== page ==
These two charts are from The Measure of a Nation: How to Regain America’s Competitive Edge and Boost Our Global Standing by Howard Steven Friedman. Two charts do not prove a point, but it provokes some thought that two of the problems in American politics — voter apathy and the lack of contact between elected officials and citizens — may be linked.
In the first chart, the United States bottoms out in voter participation.
A rallying cry in some political circles fears that the U.S. will become like Europe. In voter participation, we could use some of that Europeanization. Americans are even about 20% lower than our neighbor Canada in voter turnout. It is a pitiful performance by a country that is supposed to be a model for democracy around the world. Well, we aren’t a model any longer with this kind of participation.
The second chart suggests what one of the problems may be. Also interesting is the position of Korea, which shares a low voter turnout and the next highest disproportionate number of people per representative.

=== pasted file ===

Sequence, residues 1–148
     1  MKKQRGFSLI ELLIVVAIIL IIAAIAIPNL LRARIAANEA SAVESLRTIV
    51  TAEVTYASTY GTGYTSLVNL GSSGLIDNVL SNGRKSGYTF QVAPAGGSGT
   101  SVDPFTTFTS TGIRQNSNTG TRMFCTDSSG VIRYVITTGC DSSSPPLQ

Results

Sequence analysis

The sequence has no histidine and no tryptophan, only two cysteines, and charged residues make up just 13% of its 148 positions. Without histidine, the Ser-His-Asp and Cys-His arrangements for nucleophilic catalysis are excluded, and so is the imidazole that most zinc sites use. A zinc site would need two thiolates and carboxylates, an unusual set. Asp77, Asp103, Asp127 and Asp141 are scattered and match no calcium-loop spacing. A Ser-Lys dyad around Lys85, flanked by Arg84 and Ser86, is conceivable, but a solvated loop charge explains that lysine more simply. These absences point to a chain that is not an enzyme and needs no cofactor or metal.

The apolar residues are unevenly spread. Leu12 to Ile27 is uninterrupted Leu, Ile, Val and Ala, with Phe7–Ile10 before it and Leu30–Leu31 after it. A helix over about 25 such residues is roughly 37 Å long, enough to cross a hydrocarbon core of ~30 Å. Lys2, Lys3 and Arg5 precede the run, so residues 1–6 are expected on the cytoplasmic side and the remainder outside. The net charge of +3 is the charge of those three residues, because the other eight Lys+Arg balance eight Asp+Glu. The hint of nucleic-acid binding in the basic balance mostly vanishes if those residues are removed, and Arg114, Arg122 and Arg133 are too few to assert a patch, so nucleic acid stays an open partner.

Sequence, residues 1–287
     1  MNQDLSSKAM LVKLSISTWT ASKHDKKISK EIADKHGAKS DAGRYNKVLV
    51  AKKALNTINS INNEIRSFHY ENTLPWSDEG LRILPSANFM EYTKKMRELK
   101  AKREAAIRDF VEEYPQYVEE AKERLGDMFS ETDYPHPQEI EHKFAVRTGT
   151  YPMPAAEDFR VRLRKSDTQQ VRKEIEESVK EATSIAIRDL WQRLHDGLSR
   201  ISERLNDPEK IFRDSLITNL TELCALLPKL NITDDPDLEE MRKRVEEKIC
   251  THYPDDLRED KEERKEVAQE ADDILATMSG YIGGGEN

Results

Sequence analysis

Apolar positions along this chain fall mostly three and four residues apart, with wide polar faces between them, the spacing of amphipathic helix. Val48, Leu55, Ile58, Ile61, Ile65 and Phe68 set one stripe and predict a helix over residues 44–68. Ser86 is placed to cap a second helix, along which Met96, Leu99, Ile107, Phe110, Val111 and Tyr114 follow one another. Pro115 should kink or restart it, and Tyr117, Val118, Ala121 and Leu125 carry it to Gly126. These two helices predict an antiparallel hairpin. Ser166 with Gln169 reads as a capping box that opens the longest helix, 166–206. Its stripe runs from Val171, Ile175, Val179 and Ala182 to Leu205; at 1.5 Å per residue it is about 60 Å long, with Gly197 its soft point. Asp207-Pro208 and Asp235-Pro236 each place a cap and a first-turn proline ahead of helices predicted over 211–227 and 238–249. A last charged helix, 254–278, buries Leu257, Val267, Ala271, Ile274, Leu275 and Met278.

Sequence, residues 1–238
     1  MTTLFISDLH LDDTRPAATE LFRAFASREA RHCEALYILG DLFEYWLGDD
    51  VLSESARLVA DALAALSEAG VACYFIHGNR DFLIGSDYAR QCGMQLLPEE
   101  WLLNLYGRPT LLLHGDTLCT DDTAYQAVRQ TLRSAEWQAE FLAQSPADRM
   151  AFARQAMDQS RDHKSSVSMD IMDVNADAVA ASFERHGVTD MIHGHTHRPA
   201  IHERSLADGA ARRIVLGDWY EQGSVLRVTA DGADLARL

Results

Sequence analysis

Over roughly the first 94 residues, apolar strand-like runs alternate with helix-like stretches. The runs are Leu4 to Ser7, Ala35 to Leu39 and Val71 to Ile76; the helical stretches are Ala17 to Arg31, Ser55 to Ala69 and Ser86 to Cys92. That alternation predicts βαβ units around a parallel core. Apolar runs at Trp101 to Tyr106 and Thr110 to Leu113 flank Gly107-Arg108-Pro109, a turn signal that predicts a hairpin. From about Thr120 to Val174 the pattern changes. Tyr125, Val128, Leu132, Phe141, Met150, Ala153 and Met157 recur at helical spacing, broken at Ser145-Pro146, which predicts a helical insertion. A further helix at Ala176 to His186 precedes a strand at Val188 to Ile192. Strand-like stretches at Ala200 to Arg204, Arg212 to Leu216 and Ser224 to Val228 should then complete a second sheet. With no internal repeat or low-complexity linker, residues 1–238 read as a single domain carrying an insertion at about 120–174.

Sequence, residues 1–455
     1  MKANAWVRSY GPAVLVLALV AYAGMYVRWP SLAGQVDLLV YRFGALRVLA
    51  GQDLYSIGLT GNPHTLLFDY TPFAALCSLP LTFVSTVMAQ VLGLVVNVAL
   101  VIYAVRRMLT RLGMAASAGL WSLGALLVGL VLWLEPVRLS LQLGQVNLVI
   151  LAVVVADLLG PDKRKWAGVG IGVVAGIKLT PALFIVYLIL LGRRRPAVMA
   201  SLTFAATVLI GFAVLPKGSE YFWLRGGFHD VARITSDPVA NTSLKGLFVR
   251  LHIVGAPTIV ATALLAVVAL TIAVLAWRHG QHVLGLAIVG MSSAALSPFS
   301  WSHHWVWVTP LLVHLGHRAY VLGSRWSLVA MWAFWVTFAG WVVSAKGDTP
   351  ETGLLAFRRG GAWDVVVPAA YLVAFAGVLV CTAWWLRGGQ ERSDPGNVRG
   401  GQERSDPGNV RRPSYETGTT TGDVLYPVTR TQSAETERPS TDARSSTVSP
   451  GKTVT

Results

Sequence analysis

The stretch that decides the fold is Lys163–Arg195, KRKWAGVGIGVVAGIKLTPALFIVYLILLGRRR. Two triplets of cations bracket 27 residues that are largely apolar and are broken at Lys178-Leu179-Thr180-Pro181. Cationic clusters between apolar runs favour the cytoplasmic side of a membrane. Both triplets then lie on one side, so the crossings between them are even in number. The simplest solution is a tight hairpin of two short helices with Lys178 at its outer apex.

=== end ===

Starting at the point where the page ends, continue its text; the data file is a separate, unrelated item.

Having one Congressmember per every 580,000 people guarantees that most people are never going to meet one of their elected federal officials. Yet it is really worse than what the chart shows. The 580,000 figure includes senators. In a place like Wyoming, with a population of 568,000, the residents have a chance to connect with a representative and two senators. That puts Wyoming in line with the other countries as it has one national representative per 190,000 people.
When it comes to a larger state like California, the senators hardly matter as conduits to the people. It is only the elite few who ever get to meet a senator. Members of the House are the ones who interact with the voters. Take away all the senators nationally and the ration of national representatives to people jumps to 712,000. That is about where it is for Californians too.
Increasing the House by three times its current size would bring a lot more interaction between the people and elected federal officials. Would a House of Representatives with 1,300 members be too unwieldy? Perhaps, but at least Americans would have a chance to directly meet with their Congressmembers again. At 580,000 Americans per member of Congress, that is clearly unwieldy.